A Midsummer-Night’s Lament

Beneath the hot, hot weight of night
I hear the soft and midnight sea
across an empty beach; like brief applause
the slow percussion of waves, and of waves...

And somewhere close, between the molten dark
and the moonlit walls, cicadas gather
to squeeze the plainsong, line by line,
from the heavy, breathless, cloth of the air.

Closer still, the hun-hum-hum of electric blades
above my head carves the night's threnody
to slabs of monotone, to a funereal bass
repeating and repeating and repeating.

And here, beneath it all, my own harsh melody
is the rustle of a single, restless sheet
playing over the damp heat of my skin
and a long sigh, lost, like a prayer ignored.

For a long time, I considered this my best poem. Sadly, I can’t find any early drafts or working notes, and possibly this is because I seem to remember writing it fairly quickly – possibly even in a single sitting (although in those days, a single sitting might well last most of the night).

What I do remember, though, is that it definitely wasn’t written during the night that’s being described. That had occurred a couple of years previously, while I was on holiday in Kenya, and though I don’t remember ever detail of the ordeal, it was almost certainly nothing like as epic and tortuous as the poem would have you believe.

I was on the coast, but I doubt I could actually hear the waves that clearly. I did have an electric fan going all night to swirl the hot air round a bit, but I doubt it was really that noisy. And I doubt the cicadas were going all night. But that’s poetic license for you.

Also, although I had come across the word, I had no real idea what a threnody was nor, indeed, could I have accurately explained what plainsong was. But the idea was there to describe a long, hot, sleepless night in terms of the different sounds I could hear, and the sounds had to be different from each other, so I wrote down the things that would be making noise, and then found suitable aural descriptions for them.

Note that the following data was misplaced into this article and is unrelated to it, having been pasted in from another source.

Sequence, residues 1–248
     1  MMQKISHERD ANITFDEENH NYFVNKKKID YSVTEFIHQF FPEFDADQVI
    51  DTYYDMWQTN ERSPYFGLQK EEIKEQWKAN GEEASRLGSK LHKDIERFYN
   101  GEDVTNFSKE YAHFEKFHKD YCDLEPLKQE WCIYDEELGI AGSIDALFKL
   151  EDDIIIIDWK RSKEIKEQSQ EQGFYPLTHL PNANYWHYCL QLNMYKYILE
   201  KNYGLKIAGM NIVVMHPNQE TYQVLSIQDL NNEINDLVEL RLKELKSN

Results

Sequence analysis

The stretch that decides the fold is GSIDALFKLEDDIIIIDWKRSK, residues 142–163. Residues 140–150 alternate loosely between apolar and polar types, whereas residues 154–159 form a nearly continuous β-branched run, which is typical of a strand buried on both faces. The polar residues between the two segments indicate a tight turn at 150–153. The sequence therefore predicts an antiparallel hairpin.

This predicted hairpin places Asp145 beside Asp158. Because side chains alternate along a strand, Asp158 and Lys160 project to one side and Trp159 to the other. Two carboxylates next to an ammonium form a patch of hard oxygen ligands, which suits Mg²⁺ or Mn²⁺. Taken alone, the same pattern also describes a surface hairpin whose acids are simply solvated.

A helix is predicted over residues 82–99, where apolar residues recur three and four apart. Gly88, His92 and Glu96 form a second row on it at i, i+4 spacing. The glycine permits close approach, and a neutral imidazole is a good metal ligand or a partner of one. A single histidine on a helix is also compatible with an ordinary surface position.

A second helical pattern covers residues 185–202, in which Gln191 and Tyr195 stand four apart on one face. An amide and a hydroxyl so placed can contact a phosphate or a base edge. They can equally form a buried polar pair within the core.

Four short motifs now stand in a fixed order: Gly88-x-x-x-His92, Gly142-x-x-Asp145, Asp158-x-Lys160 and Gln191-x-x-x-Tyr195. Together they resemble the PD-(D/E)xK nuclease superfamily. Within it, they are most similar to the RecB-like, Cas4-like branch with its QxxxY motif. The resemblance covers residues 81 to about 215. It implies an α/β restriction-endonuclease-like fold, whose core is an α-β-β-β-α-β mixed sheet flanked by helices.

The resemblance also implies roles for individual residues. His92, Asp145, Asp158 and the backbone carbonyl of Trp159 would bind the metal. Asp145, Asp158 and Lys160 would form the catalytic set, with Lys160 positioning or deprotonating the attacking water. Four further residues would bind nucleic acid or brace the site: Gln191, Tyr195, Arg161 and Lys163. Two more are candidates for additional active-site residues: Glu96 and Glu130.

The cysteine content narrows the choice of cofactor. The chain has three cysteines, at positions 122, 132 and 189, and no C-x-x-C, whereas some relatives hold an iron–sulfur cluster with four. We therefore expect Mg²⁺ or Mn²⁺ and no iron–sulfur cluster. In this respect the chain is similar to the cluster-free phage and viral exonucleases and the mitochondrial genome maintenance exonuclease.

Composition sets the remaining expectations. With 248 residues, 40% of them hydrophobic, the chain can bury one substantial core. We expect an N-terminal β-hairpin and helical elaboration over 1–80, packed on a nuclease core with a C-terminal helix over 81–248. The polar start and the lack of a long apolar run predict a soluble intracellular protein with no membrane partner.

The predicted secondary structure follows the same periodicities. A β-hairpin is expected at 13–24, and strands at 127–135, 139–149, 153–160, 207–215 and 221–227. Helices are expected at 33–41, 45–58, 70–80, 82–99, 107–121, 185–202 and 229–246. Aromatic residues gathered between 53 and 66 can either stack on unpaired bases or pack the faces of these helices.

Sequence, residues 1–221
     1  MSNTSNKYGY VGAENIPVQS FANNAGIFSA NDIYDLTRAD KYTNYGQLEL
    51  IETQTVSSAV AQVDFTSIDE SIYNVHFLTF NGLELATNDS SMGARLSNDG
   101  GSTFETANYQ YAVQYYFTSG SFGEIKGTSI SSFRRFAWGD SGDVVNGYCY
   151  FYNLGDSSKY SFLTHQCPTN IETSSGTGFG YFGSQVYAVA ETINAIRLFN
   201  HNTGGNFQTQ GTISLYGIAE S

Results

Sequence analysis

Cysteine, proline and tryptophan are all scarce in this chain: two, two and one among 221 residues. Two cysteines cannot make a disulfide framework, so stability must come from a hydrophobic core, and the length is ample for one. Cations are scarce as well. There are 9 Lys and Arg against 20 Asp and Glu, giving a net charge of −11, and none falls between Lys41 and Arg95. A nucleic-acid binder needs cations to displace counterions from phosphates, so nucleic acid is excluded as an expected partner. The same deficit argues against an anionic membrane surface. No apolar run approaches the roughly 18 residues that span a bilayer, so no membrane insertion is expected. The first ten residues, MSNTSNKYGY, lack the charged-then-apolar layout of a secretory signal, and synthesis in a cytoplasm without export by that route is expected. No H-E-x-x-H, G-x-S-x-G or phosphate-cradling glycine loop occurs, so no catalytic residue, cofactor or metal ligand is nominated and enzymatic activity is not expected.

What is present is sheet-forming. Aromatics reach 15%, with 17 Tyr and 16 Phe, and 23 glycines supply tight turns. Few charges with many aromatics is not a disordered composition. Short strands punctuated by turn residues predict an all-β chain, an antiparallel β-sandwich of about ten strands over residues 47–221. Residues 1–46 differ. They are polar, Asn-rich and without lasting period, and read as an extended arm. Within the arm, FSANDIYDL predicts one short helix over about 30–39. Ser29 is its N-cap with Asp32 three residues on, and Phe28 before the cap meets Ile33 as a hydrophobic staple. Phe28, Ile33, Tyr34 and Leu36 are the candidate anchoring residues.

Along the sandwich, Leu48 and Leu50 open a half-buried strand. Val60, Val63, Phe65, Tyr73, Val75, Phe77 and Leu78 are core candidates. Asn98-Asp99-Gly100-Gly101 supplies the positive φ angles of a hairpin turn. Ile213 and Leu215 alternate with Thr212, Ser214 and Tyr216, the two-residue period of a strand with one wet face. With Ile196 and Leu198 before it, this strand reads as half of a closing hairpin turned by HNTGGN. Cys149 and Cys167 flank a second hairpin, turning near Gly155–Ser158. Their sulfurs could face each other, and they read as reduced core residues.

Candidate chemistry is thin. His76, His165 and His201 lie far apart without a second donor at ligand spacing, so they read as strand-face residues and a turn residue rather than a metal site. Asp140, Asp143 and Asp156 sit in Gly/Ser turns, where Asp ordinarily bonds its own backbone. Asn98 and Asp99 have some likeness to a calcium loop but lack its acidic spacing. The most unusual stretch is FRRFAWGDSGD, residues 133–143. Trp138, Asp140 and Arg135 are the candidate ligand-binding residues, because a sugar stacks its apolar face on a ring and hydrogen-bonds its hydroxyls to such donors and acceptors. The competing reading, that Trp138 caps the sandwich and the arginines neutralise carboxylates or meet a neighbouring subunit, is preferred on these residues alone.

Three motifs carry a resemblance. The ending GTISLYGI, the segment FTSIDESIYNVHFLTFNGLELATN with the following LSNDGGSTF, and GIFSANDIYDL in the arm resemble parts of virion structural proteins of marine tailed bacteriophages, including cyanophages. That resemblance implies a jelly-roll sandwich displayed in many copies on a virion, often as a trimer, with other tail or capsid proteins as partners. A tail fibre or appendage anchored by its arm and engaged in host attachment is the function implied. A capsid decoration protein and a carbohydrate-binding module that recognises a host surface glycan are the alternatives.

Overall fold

Having spent those long hours creating it, I found that I really liked the end result. It was a little bit longer, and a lot more controlled, than the other stuff I was writing at the time and there was a definite sense of movement, of progression in there that stood out from the more static descriptions in my other work.

It was snapped up very soon after completion, being selected for the Sandburg-Livesay Award Anthology 2000 (although the anthology didn’t actually see print until 2004 and marked the end of the annual competition. Which was a shame, as the anthologies were beautifully produced, they always contained a lot of excellent work by excellent poets, and because they published a fair few of my own poems over the years!)

So why do I like this poem so much? I think it’s because it was one of the first times I really thought about the construction of a poem as well as its content. These days it’s pretty much all about the construction. I love playing with form, with structure, with the look of a poem, with the sound of the words. What I have to say is very much a secondary consideration to how I say it.

And in Midsummer Night’s Lament I can see the first signs of that attention to structure beginning to emerge. The use of repetition with ‘waves, and of waves…’ and also ‘the hum-hum-hum of electric blades’; the frequent use of alliteration, as with ‘the rustle of a single, restless sheet’; the sense of movement, from the distant sea shore, to the area outside the room, to the room itself and then finally to the bed and its occupant, these are all things I use – and love to use – when I write now.

So possibly this poem was the start of me finding my new voice. Or possibly the voice was already emerging, but that this was the first time everything had come together so successfully. Or possibly it’s because I took a break from writing poetry shortly after finishing Midsummer Night’s Lament, and the break ended up lasting about ten years, so this remained my most recently published work for a very long time.

It’s not my favourite poem any more. I don’t have a favourite now, because I love so many of my poems for so many different reasons and it seems unnecessary to single out any particular one, but it’s certainly still up there in my top…oh, let’s say twenty.

Finally, just a few notes about editing. As I said, I didn’t really do much beyond the initial creation period, and as it was accepted for publication almost immediately, I didn’t see the need to tinker with it at all. But for this edition I’ve made some small changes.

Firstly, as with a lot of my older stuff, I’ve removed the capital letters from the start of each line (except where it’s also the start of a sentence). To me it just looks better this way.

The second and third lines used to read as follows –

I can hear the soft and midnight sea
Across the empty beach. Like brief applause

I’ve now removed the can from the start of line 2 as it was unnecessary, and I’ve changed the the in line 3 to an because there were three uses of the in the first three lines and it sounded a bit awkward – see, even for me, repetition isn’t always the answer! Also, the full stop has become a semicolon, because I now know how to use semicolons.

And one final change was with the word moonlit in the second stanza. Originally I wrote it as ‘the moonlight walls’ imagining moonlight as its own colour, but it was edited to moonlit (I’m assuming accidentally) on publication, and also on it’s first and only public reading (not by me) so I’ve given in to pressure and changed it. I still like moonlight though. I may change it back.